LADIES FIGURE SKATING SHORT PROGRAM SINGLES MEDAL ROUND Watch Live Stream FREE Online & Listen: 2014 Olympic Games Live Coverage from Sochi
Today at 10:00 a.m. ET in Sochi, Russia, the ladies singles figure skating short program will move forward as the top figure skaters in the world try to take their place on the medal podium. Live stream the action for free by clicking this link.
The favorite heading into the competition, Kim Yu-Na, lived up to her billing in the early stages, as she leads the pack with a score of 74.92. 15-year-old Yulia Lipnitskaya of Russia, the darling of figure skating leading into yesterday's performances, was hot on Yu-Na's tail but unfortunately fell on an attempted triple flip.
Her score was damaged, and she's currently sitting fifth with a score of 65.23. Another Russian, who came in with less hype than Lipnitskaya, was Adelina Sotnikova who ranks second right now after putting up a 74.64. "I'm very happy I managed to concentrate and show a good performance," Sotnikova said after receiving a higher technical score than Yu-Na.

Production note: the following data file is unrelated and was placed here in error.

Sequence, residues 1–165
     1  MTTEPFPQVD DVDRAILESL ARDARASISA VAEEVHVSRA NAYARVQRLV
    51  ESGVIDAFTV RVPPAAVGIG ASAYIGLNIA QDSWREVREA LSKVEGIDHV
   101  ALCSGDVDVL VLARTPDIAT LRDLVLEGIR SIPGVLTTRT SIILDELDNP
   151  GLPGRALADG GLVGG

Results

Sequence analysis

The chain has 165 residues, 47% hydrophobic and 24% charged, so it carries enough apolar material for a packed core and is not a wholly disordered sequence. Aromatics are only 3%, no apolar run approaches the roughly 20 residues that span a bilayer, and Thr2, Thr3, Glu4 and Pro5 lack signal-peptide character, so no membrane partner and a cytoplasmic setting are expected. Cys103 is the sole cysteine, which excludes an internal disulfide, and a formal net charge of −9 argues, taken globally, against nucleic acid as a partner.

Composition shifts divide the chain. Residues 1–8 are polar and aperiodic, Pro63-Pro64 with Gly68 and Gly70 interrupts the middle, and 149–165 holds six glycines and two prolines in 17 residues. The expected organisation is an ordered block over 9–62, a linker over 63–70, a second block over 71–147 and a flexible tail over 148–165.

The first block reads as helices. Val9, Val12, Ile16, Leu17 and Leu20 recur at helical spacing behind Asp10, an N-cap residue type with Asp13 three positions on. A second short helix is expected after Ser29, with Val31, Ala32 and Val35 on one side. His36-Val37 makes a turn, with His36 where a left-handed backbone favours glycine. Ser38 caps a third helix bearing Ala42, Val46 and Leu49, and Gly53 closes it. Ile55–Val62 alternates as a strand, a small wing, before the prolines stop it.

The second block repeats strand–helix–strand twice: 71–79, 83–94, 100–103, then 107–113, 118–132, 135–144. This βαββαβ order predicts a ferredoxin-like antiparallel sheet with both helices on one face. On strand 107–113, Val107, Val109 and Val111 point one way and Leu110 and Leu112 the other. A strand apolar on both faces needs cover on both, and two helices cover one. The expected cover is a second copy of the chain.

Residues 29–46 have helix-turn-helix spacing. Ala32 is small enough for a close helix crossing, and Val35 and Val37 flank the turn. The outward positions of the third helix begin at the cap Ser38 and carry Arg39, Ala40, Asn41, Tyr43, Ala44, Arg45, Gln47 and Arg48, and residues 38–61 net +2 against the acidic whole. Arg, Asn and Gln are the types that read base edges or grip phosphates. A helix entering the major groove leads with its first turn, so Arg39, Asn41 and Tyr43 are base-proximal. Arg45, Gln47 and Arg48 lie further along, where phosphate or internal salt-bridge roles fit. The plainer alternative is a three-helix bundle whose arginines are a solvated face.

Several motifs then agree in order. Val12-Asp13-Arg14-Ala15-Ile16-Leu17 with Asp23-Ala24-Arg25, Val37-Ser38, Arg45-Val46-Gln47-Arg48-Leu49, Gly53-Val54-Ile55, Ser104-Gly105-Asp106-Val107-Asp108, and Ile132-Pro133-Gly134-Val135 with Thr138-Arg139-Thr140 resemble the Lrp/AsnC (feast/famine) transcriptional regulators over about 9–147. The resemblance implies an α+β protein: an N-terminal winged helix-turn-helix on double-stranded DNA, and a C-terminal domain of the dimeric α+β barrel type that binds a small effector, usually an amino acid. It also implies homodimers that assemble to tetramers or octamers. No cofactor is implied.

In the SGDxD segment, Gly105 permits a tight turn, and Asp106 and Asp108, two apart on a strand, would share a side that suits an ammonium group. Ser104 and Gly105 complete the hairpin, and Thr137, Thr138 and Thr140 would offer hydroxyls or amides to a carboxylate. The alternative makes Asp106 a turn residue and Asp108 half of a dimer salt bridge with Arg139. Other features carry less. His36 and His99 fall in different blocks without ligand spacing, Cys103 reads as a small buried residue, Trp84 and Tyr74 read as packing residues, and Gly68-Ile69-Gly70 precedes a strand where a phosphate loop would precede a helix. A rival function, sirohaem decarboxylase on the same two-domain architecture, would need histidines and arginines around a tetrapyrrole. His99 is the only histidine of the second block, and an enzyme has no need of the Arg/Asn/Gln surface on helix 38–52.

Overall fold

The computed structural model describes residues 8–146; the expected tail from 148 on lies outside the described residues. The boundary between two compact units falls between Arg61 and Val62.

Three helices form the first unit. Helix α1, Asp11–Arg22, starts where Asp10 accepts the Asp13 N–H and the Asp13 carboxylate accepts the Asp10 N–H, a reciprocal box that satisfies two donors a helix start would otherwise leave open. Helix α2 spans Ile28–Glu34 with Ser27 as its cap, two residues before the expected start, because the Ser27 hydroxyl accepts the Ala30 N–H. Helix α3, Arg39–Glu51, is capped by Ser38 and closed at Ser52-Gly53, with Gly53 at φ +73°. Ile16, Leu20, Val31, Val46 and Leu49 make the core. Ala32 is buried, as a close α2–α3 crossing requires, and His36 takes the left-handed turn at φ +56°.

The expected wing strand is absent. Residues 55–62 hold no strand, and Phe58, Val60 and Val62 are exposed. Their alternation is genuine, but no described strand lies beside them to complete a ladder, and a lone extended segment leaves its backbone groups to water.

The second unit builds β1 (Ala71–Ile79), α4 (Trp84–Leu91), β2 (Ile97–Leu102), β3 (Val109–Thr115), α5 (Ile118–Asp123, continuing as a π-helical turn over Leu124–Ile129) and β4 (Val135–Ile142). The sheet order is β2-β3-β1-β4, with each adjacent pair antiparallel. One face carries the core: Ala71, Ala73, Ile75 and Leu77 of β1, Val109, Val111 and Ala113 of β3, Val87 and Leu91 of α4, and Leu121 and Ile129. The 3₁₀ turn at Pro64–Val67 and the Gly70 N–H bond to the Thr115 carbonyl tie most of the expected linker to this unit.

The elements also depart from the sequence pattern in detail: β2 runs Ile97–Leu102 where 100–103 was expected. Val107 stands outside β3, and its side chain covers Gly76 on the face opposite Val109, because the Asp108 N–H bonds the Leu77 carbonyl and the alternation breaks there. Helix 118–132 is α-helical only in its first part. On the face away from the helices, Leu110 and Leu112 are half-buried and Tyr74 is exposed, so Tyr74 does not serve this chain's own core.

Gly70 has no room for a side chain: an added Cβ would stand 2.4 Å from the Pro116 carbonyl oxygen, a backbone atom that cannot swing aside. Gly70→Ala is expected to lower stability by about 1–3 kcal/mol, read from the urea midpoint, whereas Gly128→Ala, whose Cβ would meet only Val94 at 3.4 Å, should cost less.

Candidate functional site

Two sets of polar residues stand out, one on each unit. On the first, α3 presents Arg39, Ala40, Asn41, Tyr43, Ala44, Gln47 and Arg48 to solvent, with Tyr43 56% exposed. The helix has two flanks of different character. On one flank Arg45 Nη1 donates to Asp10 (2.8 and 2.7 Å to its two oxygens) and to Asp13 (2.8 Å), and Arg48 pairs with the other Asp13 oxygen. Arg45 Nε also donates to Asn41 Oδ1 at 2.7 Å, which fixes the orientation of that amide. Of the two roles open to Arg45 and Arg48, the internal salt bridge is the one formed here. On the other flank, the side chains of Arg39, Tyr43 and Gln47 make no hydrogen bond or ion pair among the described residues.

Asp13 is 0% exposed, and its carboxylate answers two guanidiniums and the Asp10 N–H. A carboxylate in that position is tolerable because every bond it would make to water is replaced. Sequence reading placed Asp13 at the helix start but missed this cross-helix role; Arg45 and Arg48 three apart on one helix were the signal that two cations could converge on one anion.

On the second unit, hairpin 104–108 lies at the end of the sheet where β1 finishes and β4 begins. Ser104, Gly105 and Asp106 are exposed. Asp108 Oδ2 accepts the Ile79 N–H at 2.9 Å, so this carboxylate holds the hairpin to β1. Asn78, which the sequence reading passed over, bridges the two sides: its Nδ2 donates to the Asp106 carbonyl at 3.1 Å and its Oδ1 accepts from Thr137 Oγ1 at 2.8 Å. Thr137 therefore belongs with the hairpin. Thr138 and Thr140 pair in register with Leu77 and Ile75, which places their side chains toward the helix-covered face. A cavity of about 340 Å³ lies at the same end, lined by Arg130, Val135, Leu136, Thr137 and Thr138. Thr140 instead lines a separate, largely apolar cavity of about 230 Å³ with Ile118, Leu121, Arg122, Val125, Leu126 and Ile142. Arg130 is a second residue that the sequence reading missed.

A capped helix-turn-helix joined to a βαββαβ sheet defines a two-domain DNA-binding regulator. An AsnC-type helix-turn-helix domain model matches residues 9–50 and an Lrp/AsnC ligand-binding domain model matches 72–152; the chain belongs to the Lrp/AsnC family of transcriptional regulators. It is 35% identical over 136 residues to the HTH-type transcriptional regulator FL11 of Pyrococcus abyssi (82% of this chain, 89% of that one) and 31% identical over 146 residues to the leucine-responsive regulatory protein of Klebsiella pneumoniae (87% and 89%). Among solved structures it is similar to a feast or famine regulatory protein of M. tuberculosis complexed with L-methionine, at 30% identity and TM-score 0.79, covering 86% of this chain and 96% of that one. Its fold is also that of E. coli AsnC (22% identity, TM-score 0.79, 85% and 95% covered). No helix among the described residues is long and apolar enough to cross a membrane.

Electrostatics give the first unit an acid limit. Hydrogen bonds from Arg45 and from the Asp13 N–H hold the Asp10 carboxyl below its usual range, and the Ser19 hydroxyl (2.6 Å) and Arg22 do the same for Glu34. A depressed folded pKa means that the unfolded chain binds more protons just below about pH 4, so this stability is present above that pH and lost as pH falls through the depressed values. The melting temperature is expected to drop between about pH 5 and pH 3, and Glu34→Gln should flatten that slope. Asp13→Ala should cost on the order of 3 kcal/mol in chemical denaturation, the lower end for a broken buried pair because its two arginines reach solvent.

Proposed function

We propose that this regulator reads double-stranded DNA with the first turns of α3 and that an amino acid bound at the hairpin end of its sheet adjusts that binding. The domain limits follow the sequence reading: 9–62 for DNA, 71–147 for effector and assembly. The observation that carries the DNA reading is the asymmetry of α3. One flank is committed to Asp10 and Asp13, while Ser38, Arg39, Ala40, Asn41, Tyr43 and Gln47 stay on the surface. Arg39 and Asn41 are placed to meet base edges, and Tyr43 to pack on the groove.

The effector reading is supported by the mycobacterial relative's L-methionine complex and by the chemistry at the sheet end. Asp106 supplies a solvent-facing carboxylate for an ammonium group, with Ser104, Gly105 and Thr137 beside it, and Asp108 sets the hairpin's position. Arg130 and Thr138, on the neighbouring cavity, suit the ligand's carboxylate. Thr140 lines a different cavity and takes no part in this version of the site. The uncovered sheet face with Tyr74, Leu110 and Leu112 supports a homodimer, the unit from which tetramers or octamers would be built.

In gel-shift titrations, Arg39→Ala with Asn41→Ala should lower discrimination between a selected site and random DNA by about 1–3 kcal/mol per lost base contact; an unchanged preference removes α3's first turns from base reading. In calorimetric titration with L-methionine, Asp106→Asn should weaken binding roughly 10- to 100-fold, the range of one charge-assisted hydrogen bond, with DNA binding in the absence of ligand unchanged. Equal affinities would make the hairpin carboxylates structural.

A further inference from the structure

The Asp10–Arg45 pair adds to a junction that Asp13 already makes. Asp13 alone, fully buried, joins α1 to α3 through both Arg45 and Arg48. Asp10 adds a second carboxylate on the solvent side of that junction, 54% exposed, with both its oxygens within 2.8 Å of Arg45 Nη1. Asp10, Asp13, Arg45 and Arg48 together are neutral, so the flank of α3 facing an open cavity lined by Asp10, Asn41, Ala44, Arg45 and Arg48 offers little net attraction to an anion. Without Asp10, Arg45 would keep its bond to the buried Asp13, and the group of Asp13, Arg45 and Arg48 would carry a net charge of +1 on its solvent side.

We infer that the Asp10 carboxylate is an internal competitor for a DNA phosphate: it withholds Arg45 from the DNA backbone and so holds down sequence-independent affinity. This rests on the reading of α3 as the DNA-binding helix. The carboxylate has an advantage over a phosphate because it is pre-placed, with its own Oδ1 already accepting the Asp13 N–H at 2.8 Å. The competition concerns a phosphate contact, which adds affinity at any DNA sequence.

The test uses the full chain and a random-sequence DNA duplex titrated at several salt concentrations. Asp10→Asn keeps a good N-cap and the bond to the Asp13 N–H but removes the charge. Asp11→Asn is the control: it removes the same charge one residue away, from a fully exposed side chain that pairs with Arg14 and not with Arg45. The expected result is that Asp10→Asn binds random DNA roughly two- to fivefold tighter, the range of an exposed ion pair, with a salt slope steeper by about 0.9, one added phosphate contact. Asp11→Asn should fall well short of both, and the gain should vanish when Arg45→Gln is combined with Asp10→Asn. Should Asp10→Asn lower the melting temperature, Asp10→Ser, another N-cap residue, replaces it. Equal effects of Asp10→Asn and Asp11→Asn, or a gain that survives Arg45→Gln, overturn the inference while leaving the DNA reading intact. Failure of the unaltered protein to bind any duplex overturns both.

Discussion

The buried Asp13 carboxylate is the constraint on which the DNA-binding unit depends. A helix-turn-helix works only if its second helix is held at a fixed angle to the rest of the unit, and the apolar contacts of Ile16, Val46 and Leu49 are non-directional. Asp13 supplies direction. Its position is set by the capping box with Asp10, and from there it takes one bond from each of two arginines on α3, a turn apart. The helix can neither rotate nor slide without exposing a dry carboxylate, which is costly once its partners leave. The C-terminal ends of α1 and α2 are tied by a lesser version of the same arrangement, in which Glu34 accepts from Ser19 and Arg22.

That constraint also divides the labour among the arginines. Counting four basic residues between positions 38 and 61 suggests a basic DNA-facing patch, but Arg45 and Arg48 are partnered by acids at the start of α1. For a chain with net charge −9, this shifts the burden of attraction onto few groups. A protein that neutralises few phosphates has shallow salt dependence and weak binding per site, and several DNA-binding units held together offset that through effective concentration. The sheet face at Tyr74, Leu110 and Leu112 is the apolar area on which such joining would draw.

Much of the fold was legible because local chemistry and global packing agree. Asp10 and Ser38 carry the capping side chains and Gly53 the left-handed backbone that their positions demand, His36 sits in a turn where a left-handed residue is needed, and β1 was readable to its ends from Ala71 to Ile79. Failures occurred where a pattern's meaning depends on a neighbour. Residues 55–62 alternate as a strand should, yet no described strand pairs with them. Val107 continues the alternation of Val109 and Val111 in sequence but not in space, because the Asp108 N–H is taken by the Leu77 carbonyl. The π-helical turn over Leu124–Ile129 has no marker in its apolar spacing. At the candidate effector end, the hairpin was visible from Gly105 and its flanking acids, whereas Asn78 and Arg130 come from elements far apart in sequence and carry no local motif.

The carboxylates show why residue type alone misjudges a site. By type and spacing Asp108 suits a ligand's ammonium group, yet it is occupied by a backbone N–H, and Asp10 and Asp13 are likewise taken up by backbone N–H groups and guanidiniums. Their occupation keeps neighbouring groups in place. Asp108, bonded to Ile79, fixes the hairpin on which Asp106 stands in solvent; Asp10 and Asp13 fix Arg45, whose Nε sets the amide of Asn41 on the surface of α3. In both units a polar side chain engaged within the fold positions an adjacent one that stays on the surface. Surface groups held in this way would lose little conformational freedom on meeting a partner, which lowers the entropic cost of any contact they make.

Italian Carolina Kostner is third at the moment, and like Sotnikova is within striking distance of the Korean marvel. Kostner received higher marks than Kim in several categories, but the sheer difficulty of Kim's routine paired with her high-level execution kept her in front of her competitors.
Those three have a rather comfortable lead over fourth place Gracie Gold, the American who skated cleanest on Wednesday. Gold may still be facing a tough climb to the podium, but she was able to stave off embarrassment by averting two falls.
"I just wanted to skate like I belong on the podium," Gold said. "It's a point game. So looking at points, a 68 is not just respectable, it's a really good short score." Fellow American Ashley Wagner, who scored a 65.21, said she and her teammates are determined to medal.
"This sounds so, like, 'PC athlete,' but honestly, I worked my butt off every single day since nationals and I've been way too tired, way too sweaty, way too exhausted and angry with training to not go out there and do it," Wagner said.
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